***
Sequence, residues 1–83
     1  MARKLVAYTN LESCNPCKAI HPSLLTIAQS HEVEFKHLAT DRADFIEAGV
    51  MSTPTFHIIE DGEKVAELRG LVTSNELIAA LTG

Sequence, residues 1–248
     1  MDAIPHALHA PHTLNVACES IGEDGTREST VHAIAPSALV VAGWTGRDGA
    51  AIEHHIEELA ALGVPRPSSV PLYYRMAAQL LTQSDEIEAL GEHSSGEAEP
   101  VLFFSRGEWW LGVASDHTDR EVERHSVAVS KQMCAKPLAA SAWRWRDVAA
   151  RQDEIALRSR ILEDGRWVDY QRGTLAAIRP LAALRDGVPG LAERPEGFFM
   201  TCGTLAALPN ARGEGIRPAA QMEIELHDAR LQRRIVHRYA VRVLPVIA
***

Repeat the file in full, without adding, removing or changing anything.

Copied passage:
Sequence, residues 1–83
     1  MARKLVAYTN LESCNPCKAI HPSLLTIAQS HEVEFKHLAT DRADFIEAGV
    51  MSTPTFHIIE DGEKVAELRG LVTSNELIAA LTG

Sequence, residues 1–248
     1  MDAIPHALHA PHTLNVACES IGEDGTREST VHAIAPSALV VAGWTGRDGA
    51  AIEHHIEELA ALGVPRPSSV PLYYRMAAQL LTQSDEIEAL GEHSSGEAEP
   101  VLFFSRGEWW LGVASDHTDR EVERHSVAVS KQMCAKPLAA SAWRWRDVAA
   151  RQDEIALRSR ILEDGRWVDY QRGTLAAIRP LAALRDGVPG LAERPEGFFM
   201  TCGTLAALPN ARGEGIRPAA QMEIELHDAR LQRRIVHRYA VRVLPVIA